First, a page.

The people of California have a right to know how much corporations are polluting, and how their activities may be irreparably damaging our planet. Additionally, this information can help consumers make informed decisions about the impact of their choices when purchasing, patronizing and making investments in corporations.

Senator Henry Stern (D-Calabasas) is a joint author of the legislation. Assemblymember Cristina Garcia (D-Bell Gardens) and Assemblymember Ash Kalra (D-San Jose) are principal co-authors. Senator Dave Min (D-Costa Mesa), Assemblymembers David Chiu (D-San Francisco), Phil Ting (D-San Francisco), Robert Rivas (D-Hollister), Wendy Carrillo (D-Los Angeles), Laura Friedman (D-Glendale), Alex Lee (D-Fremont) and Mark Stone (D-Santa Cruz) are co-authoring the legislation.

“The Climate Corporate Accountability Act is a groundbreaking piece of legislation that will make corporations more accountable to the people,” said Senator Wiener. “It’s far past time for all large corporations to report the full scope of their climate emissions, and for Californians to experience full transparency from these companies. Transparency and accountability from corporations – who are some of the largest emitters of greenhouse gasses – is critical in our fight to stop the worst impacts of climate change.”

"We're thrilled to see SB 260 pass out of its second policy committee in the State Senate and we will continue to push for this first-in-the-nation corporate carbon emissions disclosure policy to become law," said Mary Creasman, Chief Executive Office, CLCV. "Corporations making $1 billion and more have the resources to reduce emissions and really fight climate crisis. SB-260 will require corporations to disclose their entire carbon footprint with the public in a manner that is both understandable and accessible. This is necessary for our future-for all our futures-and we need policy makers, company shareholders, and the public to hold the large corporations in California accountable."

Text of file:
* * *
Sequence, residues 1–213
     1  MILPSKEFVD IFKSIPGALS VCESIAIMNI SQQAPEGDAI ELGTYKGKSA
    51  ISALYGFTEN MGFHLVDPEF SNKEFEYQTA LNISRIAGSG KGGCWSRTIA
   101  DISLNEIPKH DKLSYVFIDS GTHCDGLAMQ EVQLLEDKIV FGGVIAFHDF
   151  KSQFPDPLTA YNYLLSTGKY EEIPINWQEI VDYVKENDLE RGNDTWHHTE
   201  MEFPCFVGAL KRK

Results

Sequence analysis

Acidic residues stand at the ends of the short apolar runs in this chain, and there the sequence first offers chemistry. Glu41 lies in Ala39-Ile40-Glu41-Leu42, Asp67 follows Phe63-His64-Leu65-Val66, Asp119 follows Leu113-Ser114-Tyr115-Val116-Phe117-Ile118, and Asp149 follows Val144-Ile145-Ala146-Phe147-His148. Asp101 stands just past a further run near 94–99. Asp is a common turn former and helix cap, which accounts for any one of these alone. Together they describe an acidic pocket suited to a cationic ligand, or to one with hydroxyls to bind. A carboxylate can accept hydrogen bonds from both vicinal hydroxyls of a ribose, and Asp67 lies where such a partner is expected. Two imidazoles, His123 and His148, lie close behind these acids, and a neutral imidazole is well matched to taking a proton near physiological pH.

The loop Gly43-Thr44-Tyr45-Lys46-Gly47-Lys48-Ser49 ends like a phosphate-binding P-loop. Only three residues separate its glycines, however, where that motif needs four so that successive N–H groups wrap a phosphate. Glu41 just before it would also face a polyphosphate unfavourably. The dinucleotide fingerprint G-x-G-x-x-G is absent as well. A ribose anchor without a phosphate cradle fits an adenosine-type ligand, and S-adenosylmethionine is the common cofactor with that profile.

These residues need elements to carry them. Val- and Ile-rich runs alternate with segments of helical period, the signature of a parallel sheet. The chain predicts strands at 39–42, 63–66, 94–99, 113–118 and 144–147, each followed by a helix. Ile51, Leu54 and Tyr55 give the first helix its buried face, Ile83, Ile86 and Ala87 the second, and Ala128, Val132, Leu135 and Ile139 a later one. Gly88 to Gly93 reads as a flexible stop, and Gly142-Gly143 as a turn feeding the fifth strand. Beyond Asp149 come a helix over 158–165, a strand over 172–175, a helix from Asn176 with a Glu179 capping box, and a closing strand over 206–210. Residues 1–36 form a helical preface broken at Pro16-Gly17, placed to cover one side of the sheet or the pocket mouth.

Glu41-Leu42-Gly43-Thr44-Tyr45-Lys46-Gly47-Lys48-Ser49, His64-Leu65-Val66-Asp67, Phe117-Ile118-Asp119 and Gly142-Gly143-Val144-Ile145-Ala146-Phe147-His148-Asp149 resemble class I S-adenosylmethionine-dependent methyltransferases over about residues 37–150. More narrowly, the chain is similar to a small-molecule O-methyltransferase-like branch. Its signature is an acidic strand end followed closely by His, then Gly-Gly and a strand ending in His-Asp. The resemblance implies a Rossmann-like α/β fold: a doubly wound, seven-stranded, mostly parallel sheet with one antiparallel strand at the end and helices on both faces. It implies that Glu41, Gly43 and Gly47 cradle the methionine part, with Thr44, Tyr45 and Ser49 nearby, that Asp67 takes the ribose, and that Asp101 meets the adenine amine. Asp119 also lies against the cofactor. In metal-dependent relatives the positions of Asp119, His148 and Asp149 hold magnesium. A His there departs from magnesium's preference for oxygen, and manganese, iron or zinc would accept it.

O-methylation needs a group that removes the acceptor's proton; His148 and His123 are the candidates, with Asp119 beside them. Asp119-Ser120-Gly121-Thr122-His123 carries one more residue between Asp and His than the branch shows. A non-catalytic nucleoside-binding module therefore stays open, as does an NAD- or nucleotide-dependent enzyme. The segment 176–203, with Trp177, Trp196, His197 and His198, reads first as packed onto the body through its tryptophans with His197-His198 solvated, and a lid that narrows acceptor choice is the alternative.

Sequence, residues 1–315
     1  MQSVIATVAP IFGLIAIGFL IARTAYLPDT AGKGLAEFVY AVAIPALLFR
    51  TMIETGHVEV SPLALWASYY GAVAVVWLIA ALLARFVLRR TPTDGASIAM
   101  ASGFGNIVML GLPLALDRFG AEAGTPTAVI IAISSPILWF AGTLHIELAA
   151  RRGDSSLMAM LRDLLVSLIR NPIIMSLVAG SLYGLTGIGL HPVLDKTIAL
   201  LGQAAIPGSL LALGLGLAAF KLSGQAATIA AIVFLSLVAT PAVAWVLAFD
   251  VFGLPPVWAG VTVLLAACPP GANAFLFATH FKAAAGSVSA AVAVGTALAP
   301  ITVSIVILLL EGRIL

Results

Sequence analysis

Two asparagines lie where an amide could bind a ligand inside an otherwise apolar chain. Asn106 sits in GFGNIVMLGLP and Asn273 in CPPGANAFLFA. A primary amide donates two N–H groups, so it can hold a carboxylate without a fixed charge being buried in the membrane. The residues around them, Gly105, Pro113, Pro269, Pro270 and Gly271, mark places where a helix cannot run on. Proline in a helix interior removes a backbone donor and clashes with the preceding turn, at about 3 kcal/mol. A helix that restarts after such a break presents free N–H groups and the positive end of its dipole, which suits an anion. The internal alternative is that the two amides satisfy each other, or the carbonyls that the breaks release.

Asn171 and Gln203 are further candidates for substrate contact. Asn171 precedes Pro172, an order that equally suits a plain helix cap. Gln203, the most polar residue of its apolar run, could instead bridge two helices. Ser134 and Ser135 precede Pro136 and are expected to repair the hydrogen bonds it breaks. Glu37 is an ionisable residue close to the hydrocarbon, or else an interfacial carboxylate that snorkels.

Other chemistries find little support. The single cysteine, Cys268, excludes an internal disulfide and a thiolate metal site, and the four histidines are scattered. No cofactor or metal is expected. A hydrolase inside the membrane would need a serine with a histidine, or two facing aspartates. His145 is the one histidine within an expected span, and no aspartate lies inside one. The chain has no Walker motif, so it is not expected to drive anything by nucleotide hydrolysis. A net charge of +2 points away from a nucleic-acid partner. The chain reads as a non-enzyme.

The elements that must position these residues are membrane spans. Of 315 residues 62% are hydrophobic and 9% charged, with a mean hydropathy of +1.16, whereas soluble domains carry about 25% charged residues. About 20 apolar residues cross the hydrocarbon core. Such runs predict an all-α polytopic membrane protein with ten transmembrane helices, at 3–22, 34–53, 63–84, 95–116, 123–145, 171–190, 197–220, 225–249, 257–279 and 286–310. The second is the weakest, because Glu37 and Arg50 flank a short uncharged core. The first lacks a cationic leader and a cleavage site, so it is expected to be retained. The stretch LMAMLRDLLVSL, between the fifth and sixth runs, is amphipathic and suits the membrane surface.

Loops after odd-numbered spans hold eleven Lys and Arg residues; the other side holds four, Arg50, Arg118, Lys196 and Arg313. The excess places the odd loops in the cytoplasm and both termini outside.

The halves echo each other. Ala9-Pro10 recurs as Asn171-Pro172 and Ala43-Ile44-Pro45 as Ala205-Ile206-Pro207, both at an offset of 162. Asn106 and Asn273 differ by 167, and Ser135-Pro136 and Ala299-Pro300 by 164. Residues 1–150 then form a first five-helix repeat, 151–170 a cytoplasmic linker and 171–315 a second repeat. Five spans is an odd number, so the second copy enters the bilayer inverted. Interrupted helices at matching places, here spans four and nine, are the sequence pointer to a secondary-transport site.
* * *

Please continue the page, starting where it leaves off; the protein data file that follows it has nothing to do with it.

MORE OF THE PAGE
“It is very exciting to see SB 260 get the support of the Senate Judiciary Committee and for their recognition that information on a company’s GHG emissions is no longer “nice to have” but critical company data that consumers, investors, and policymakers need to inform their choices and climate actions,” said Catherine Atkin, Director of Carbon Accountable and one of the bill’s co-sponsors. “SB 260 is a critical next step that will drive private sector GHG emissions reductions needed to protect California and its residents, including BIPOC communities that are disproportionately impacted by climate change.”

"We think it’s pretty simple: If you’re turning a profit here in California, we deserve to know how your business contributes to the climate crisis, and what your plan is to address it," said Andrew Klutey with Sunrise Bay Area. "We applaud the Justice Committee for supporting this visionary bill, and for taking another step towards a future when people across this state and nation can hold big polluters accountable for their contributions to the climate crisis."